Interest Rate Roundup

Thursday, August 28, 2008

Banks that didn't screw up

I've spent quite a bit of time and digital ink talking about banks, brokers, and other financial firms that really got this credit market wrong. So it's refreshing to come across stories on companies that actually got things right. In other words, they avoided the high-risk crud and stuck to their knitting. That's how Bloomberg describes People's United Financial of Bridgeport, Conn. in a story today:

"People's United Financial Corp., the largest New England-based lender, is seeking acquisitions after steering clear of the subprime-mortgage market, and can "cherry-pick'' borrowers abandoned by cash-strapped banks.

"The bank, which raised $3.44 billion in April 2007 before credit markets tightened, has money to purchase companies, Chief Executive Officer Philip Sherringham said. If no acquisitions catch his eye, the bank may buy back stock with the capital, "returning it to shareholders one way or the other,'' he said.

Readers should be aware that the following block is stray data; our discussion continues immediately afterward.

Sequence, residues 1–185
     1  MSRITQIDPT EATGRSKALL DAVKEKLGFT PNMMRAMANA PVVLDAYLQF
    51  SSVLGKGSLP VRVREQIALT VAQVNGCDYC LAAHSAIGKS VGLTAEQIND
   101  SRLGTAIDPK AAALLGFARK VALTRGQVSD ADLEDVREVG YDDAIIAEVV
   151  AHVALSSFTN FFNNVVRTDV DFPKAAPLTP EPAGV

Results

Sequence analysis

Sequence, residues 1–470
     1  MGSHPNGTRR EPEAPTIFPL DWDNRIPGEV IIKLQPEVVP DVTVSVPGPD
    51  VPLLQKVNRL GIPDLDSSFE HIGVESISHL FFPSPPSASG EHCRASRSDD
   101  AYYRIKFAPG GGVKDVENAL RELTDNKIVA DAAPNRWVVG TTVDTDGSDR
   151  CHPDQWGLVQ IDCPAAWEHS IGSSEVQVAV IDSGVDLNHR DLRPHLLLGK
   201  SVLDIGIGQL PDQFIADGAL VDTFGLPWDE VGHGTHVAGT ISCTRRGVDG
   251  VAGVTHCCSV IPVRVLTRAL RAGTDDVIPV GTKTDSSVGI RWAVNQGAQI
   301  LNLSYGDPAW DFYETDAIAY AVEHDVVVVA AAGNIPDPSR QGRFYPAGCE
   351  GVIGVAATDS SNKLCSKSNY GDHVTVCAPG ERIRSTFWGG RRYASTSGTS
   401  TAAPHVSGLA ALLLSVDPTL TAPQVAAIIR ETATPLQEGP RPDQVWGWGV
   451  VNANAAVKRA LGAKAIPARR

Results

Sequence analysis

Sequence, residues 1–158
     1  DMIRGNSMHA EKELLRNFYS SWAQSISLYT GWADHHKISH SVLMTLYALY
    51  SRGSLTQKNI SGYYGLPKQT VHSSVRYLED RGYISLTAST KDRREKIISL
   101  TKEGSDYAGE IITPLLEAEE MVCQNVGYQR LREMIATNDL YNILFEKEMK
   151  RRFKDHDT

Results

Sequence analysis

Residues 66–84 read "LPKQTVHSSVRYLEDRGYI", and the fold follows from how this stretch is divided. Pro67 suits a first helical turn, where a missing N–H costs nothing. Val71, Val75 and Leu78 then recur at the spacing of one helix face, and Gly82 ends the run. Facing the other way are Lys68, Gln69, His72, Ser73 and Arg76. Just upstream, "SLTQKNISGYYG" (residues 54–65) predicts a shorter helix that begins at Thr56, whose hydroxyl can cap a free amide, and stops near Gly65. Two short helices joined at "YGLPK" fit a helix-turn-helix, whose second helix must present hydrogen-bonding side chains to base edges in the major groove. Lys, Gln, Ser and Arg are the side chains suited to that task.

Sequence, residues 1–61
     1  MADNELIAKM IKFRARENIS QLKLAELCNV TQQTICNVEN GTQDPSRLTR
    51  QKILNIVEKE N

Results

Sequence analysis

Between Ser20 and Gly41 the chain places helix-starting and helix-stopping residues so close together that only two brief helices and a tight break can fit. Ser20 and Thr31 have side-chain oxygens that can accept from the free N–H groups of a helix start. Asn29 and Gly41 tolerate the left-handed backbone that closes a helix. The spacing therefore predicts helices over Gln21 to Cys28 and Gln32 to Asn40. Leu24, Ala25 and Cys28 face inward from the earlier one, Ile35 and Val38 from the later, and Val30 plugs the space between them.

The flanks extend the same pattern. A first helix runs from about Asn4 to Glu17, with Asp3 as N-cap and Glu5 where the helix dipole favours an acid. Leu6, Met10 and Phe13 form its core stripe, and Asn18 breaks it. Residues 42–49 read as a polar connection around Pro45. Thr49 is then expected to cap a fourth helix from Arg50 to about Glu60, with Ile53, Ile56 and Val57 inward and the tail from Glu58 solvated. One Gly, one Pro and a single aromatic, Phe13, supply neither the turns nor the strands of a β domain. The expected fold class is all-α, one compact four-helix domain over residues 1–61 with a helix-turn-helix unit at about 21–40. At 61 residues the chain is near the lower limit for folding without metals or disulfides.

"Our greatest challenge?'' Sherringham said in an interview on Aug. 25. "Capital deployment, absolutely.''

"As banks and securities firms reeled from more than $500 billion in writedowns and credit losses tied to subprime, People's United consistently reported quarterly profits. The Bridgeport, Connecticut-based company's stock declined less than 1 percent in the past 12 months, holding steady as nine U.S. banks failed this year and finance companies were forced to raise more than $352 billion in capital.

"People's United has "a very clean balance sheet right now,'' said KBW Inc. analyst Damon Del Monte in an interview yesterday. "The last thing they want to do is acquire a bank that has some unknown loan issues on their books.'' He has a "market perform'' rating on the shares."

This brings up another point. So much time, effort, and money is being spent trying to keep even crummy firms liquid, on life support, or whatever you want to call it. Everyone seems to want a bailout. But how about the thought that maybe -- just maybe -- letting the weak die off would make it easier for the strong to thrive? Isn't that what capitalism is all about?


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